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Three-time Olympic gold medalist Mal Whitfield passes away at 91


WASHINGTON, D.C. -- USATF mourns the passing of three-time Olympic champion and five-time Olympic medalist Mal Whitfield, who died Wednesday night in Washington at 91.

Whitfield was inducted into the National Track & Field Hall of Fame in 1974, following a storied athletic and military career where he became the first U.S. serviceman to win a gold medal while on active duty. Whitfield won three medals at the London 1948 Olympic Games, including gold in the 800 meters and 4x400m relay, and bronze in the 400m. Whitfield struck gold again in the 800m in 1952 and won silver in the 4x400m relay.

Whitfield trained for the 1952 Games while serving as a tail gunner during the Korean War, where he flew 27 bombing missions. He was honorably discharged from the Air Force in 1952 and continued racing, winning 66 of 69 800-meter races from June of 1948 to the end of 1954. That year he became the first African-American recipient of the Sullivan Award, given to the top amateur athlete in the U.S.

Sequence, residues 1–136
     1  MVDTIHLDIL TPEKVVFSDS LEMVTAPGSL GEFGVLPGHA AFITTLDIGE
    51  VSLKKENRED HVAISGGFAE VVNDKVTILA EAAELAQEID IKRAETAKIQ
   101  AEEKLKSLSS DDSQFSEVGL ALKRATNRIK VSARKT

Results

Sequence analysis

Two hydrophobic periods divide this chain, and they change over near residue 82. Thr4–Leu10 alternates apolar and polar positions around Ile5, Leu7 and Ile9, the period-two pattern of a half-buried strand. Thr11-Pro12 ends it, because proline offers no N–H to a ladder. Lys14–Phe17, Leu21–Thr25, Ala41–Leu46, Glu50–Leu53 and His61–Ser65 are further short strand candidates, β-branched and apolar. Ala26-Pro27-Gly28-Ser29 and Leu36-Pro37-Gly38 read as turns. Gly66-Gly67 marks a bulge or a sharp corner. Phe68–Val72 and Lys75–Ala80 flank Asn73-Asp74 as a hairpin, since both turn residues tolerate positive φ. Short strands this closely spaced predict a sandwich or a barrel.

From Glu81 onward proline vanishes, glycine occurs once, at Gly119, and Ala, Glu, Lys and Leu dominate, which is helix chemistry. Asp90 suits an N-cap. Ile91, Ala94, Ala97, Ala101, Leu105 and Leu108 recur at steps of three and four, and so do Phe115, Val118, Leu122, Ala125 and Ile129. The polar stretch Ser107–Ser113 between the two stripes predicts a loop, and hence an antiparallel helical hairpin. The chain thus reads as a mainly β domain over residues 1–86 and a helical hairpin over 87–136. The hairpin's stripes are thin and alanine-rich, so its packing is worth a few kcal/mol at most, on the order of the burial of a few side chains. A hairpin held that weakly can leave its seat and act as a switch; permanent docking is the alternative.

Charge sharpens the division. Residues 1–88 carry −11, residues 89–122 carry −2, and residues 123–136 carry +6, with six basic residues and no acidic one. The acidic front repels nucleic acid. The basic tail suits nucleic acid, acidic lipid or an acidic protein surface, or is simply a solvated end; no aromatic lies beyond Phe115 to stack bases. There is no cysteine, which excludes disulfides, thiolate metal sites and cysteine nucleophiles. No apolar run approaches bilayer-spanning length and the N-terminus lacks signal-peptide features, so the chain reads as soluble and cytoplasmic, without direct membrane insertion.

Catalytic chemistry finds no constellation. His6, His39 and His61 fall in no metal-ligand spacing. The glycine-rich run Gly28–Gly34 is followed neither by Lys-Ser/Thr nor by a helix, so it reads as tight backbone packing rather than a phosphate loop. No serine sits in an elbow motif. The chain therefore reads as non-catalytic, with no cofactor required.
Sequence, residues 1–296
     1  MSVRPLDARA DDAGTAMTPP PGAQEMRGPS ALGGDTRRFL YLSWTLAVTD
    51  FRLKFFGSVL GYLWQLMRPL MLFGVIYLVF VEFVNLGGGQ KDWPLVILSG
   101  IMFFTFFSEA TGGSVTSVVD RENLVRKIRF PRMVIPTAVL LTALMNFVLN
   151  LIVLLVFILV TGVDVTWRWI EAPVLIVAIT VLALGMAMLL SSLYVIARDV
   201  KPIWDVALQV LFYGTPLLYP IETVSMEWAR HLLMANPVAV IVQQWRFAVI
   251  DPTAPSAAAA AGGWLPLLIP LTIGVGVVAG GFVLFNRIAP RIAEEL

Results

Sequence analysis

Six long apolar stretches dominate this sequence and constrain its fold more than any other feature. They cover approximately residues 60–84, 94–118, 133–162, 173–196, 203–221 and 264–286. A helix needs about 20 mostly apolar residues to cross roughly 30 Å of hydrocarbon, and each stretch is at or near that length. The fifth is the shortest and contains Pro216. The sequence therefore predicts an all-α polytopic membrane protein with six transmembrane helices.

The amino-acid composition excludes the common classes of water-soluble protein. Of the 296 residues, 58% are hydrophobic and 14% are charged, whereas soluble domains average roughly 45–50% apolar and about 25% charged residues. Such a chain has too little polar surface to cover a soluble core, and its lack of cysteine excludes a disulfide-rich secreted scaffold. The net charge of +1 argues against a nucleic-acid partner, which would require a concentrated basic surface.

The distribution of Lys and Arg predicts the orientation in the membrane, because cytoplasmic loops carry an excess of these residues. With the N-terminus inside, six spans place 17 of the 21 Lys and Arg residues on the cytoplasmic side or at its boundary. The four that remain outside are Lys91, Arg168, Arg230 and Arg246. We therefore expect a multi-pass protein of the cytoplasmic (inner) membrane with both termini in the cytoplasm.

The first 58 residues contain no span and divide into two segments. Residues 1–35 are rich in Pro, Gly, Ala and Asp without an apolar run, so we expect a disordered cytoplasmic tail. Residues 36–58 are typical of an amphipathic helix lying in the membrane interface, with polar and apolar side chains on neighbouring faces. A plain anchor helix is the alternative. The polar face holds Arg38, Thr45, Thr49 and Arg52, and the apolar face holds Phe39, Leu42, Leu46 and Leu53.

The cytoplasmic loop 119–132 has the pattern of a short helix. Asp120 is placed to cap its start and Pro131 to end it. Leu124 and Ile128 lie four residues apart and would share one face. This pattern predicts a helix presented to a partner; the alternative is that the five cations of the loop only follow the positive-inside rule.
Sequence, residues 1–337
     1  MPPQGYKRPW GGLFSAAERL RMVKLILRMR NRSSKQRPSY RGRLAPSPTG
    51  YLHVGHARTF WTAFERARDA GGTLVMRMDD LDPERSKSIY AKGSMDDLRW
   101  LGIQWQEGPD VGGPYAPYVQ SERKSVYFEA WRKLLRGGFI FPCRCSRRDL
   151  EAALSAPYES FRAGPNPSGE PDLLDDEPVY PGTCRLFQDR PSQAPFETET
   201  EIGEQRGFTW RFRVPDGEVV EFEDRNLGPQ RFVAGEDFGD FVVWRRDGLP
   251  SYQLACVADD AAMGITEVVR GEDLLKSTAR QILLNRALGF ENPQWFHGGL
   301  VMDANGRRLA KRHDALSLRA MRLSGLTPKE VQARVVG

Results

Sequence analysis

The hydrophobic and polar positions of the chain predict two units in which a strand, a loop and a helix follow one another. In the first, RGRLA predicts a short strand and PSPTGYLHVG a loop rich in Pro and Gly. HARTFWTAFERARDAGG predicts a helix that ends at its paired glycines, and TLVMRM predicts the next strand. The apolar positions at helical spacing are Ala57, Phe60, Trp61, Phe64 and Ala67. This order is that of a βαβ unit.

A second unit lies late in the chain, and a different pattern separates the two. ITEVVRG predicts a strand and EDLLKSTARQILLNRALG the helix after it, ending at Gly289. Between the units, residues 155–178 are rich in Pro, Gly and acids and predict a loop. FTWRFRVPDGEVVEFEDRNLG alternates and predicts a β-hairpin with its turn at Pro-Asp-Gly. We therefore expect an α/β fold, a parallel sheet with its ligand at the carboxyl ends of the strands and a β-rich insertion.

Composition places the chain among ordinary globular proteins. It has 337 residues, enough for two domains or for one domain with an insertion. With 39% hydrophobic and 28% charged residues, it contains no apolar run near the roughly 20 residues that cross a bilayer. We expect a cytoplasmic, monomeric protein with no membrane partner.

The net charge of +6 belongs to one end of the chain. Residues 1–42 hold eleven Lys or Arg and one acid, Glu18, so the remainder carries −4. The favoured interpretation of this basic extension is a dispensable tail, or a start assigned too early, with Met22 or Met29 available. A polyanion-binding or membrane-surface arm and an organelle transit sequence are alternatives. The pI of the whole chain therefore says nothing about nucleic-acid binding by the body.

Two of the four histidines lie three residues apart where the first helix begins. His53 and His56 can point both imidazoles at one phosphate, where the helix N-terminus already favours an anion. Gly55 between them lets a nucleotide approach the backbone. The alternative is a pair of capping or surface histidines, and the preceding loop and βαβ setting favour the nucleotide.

Whitfield also toured the world as a Sports Goodwill Ambassador for the U.S. Department of State and later became the head of the Physical Education and Sports Department at the University of Nigeria. He was inducted into the U.S. Olympic Hall of Fame in 1988.

Compiled with information from the U.S. Olympic Committee

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